Over the years, women empowerment has taken center stage in Uganda’s government policy and development agenda while acknowledging that women have a role to play in economic growth. Therefore, the issue of mi-crofinance institutions offering microcredits to women is top on the agenda of poverty eradication in Uganda. However, Uganda is not immune from the ongoing global competing debate on the extent that access to microcredits empowers women. Several studies in Uganda in the recent past have produced conflicting reports on the impact of microcredit on womens’ empowerment in Uganda. As a result, the study attempts to analyze the ways in which micro-credit programs have influenced the lives of women in Kyenjojo district. How has the involvement in the microcredit program affecting the women’s deci-sion-making positions in poor households and the community as a whole? Most importantly it highlights how these women can be empowered to over-come the challenges they experience in the process of accessing the micro-credit scheme. Data was collected through qualitative methodological ap-proaches such as in-depth interviews, focus group discussions and semi-structured interviews with women beneficiaries of microcredits, and men with wives participating in the schemes, together with key informants from NGOs and Micro-Finance Institution representatives that have microcredit facilities for vulnerable women. To support the analysis of data, two major concepts, Empowerment, and Patriarchal Bargain were explored. The findings show that women's access to microcredit empowered them economically by gener-ating income from their investments through profits, which are used to im-prove their standards of living, give them access to property, and pay for their children's educational needs. Those that are married were able to foster egali-tarian relationships with their spouses in the household, the divorced and wid-ows earn more respect from the community as they become financially inde-pendent, and the singles and never married were able to independently plan for a brighter future. However, there are challenges such as loan repayments due to the size of the loans, as well as husband approval or consent for married women to secure loans. In conclusion, the study shows that microcredit em-powered women in different ways, and highlights the challenges, portraying how they affect women differently. For example, single and never married women's empowerment experiences are different from those of married or divorced women. However, the study suggests that future research should look at how the financial empowerment of single and never-married women helped them in negotiating a better relationship with their future.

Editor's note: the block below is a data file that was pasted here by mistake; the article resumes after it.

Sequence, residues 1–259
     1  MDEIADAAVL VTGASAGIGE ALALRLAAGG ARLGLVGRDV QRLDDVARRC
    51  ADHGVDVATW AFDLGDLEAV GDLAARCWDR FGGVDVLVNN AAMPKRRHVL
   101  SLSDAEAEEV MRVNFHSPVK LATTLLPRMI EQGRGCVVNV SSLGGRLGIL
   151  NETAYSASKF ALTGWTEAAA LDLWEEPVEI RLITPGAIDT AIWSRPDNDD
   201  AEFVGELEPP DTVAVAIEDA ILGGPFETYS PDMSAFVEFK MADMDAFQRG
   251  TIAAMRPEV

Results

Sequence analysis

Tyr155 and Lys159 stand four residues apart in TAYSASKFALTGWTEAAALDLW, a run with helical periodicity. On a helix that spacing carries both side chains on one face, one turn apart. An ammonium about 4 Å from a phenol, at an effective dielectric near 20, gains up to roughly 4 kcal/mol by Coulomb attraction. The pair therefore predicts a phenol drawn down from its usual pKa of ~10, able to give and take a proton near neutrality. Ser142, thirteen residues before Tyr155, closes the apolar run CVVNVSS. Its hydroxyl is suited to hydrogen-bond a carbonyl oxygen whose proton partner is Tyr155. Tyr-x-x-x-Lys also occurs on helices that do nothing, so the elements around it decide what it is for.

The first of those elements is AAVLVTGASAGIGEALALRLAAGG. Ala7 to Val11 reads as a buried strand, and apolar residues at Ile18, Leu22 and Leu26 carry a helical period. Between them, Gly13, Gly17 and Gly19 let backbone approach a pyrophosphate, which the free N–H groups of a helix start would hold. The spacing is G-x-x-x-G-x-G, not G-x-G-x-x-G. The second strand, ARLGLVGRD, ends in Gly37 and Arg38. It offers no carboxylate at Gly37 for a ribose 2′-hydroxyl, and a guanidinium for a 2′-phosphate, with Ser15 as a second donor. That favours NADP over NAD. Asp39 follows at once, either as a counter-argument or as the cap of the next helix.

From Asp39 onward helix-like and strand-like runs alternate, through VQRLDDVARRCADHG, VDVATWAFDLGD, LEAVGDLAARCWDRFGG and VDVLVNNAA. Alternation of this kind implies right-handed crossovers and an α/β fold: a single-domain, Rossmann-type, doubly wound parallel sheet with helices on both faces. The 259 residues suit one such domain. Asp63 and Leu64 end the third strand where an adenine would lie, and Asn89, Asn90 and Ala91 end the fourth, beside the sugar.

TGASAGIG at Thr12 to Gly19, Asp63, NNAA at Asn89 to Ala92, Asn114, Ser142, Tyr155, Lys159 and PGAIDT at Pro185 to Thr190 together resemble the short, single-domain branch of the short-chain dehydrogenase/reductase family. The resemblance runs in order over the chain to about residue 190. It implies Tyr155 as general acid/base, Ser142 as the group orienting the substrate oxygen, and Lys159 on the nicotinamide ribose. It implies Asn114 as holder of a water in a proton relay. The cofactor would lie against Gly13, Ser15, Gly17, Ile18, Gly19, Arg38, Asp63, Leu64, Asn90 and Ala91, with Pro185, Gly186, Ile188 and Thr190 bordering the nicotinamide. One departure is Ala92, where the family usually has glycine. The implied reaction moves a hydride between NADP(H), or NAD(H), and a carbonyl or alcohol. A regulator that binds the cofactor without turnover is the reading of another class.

Additional Metadata
Keywords Women, Empowerment, Microcredit, Uganda, Kyenjojo, Economic, Gender, Patriarchal, bargain, Roles
Thesis Advisor Kurian, Rachel
Persistent URL hdl.handle.net/2105/51340
Series Social Justice Perspectives (SJP)
Citation
Kabahuma Aliya. (2019, December 20). Microcredit and Women’s Empowerment in Kyenjojo District of Uganda. Social Justice Perspectives (SJP). Retrieved from http://hdl.handle.net/2105/51340